Ag minister promises compensation if supply management weakens

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The legal question was asked, does this Government have the right to sign trade deals during an election campaign when Parliament has been dissolved ?

Or is it simply a campaign ploy by the Conservatives to try and hold onto their stronghold in the prairies,knowing they have already lost Quebec and much of Ontario.

If we are going to be bringing foreign foods into Canada to compete with our farmers what is being done to level the playing field? Are the countries sending food here going to be required to produce under the same high health conditions that we do? Will they be able to use chemicals or drugs like BST that are banned here? What about subsidies? Will this be yet case where Canadian farmers have to compete with the treasuries of foreign governments?

Cabinet Ministers choose their words carefully, and Gerry Ritz has had almost a decade to practise.

Therefore, when he says "If there is a loss on your farm, you will be compensated", there are semantics at play.

What he really means is that supply managed farmers would likely be compensated on what they owe on their quota which, in most cases, would be calculated as the book value of their quota for income tax purposes. Therefore, a farmer who acquired his/her quota for nothing would get nothing because he/she would be losing nothing. A farmer who bought $300,000 worth of quota five years ago and who now has it on his books at somewhere around $200,000, and who would probably owe about the same amount ($200,000) on it, would get $200,000.

The bottom line is that there's no way anyone could interpret Ritz to mean that farmers would be compensated based on current quota values because an unrealized opportunity to sell at today's price isn't a loss.

As for ongoing losses, we can expect any government to engage in the same sort of dodgy economics supply management has always used to defend itself from criticism. Government will likely claim (with the help of "studies" produced, in part, by people who've jumped ship from from supply managed organizations to go to work for government) that with increased domestic consumption and exports, along with increased efficiencies, there will be no operating losses at the farm level and that, therefore, no ongoing compensation will need to be paid. Supply managed farmers will scream blue murder, but nobody will much care because supply management used the same dodgy tactics with no shame or remorse for four decades.

The above opinion is of one ag economist who has spent probably far-too-long analyzing "what they say versus what they really mean" when it comes from government.

Stephen Thompson, Clinton ON

Stephen if your interpretation of Ritz's words aren't very close to the intended meaning, they SHOULD be.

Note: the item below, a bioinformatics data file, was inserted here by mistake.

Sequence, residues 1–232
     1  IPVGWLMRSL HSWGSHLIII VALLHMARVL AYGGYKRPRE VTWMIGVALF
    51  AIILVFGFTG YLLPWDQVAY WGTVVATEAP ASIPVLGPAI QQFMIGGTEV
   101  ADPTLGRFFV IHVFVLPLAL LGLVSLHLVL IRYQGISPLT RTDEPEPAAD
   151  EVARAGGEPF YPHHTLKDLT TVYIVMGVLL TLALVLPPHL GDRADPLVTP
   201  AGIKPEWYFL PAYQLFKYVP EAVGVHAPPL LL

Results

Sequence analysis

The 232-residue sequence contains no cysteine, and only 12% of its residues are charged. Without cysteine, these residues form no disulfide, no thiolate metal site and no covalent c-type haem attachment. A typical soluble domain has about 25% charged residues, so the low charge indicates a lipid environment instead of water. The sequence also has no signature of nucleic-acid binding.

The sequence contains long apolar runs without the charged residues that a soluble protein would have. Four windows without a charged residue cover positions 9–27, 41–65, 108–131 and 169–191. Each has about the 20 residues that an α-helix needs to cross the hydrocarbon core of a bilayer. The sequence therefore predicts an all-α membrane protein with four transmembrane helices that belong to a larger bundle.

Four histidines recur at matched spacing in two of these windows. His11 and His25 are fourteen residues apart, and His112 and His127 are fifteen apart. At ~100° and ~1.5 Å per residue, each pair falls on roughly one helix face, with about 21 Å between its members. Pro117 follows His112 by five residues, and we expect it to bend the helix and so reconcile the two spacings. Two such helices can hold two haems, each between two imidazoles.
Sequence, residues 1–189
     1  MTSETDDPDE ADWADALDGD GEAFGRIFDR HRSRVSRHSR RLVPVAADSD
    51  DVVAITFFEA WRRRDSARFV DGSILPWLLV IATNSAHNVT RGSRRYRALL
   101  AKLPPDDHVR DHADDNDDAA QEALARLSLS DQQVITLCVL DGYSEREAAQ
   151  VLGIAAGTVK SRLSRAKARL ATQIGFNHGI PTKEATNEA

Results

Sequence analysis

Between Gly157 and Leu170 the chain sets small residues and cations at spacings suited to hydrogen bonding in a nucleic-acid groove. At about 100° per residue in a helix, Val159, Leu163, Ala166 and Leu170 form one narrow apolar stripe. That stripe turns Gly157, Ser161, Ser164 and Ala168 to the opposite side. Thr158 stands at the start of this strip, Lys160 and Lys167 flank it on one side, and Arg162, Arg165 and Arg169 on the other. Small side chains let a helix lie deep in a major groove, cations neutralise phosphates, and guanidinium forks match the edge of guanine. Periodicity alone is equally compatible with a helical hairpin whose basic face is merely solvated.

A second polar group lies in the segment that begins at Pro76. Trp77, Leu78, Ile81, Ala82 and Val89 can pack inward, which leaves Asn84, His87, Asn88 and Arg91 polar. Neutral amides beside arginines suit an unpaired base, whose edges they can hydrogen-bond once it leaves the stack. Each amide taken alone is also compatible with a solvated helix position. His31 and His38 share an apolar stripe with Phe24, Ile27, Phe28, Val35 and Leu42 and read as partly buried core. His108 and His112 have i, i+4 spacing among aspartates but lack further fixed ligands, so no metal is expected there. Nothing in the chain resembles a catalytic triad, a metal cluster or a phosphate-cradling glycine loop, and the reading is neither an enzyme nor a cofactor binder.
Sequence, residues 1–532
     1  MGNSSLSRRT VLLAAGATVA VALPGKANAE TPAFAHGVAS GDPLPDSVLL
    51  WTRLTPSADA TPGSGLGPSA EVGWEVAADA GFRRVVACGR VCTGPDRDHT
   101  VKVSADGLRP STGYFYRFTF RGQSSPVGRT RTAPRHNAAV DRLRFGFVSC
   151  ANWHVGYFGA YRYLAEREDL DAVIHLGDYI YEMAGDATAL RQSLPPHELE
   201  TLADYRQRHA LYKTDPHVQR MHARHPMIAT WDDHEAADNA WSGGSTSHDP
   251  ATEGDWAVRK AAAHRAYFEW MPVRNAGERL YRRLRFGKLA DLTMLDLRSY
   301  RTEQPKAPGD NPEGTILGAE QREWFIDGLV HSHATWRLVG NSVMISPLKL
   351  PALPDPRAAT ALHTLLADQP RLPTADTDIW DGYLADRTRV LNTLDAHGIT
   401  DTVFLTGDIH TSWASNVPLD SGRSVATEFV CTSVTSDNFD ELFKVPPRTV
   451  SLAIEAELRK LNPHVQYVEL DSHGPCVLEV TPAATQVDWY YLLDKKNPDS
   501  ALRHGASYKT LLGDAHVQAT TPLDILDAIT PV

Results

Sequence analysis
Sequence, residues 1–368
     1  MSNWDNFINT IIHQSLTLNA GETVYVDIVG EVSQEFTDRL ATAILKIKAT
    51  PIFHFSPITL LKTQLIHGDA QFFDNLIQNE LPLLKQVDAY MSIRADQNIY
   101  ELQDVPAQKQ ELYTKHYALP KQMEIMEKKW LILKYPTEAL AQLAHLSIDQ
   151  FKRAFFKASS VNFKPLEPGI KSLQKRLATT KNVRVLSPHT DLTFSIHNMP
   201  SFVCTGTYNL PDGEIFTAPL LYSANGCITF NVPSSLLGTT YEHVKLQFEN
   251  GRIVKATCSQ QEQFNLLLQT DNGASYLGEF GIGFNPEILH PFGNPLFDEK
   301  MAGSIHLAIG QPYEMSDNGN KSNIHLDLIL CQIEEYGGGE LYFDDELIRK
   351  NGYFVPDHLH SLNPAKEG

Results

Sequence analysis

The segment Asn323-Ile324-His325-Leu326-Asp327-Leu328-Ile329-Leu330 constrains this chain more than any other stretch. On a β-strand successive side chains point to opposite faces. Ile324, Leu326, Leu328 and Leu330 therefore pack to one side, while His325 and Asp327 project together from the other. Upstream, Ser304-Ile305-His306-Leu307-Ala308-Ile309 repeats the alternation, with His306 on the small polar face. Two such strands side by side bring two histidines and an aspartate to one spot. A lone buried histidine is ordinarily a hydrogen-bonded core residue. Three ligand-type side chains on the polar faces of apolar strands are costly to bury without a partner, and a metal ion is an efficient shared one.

When it comes to deception and outrageous claims, government and supply management are well-matched.

One one hand, supply management's constant boasting that supply management doesn't increase consumer prices, is as ludicrous as trying to claim that OPEC never did and/or does not now artificially increase the retail price of gasoline.

On the other hand, I well remember the ludicrously-bizarre contortions both senior levels of government exhibited when trying to defend the accounting lunacy of the P2/P2 inventory valuation process in the first OWFRP/AIDA program, only to see the P2/P2 policy quietly scuttled, and quite-rightly so, seven years later.

Therefore, whatever preposterous claims dairy and poultry farmers try to make to defend supply management, especially during the compensation part of any downward adjustment process, will be well-more than matched by equally-preposterous claims by government that any losses being claimed by supply managed farmers are fictitious and even if not fictitioius, vastly-overstated.

As with the ongoing neonicotinoid process, government will prevail because it is the government and, as well, government will have public opinion on its side.

Stephen Thompson, Clinton ON

Seems you forgot your disclaimer !

You better check some of CBC's coverage on this issue and you will see public opinion is solidly behind this Country's Dairy farmers.

(1) As every business school marketing student learns, market research is all about asking the right questions.

Therefore, asking a man-on-the-street - "Do you support Canadian dairy farmers?" is likely to get a "Yes" response. However, asking the question - "If you knew that, thanks to supply management, a family of four pays more than $1,000 per year extra to buy dairy and poultry products, would you still support Canadian dairy farmers?" is likely to produce a far-different response.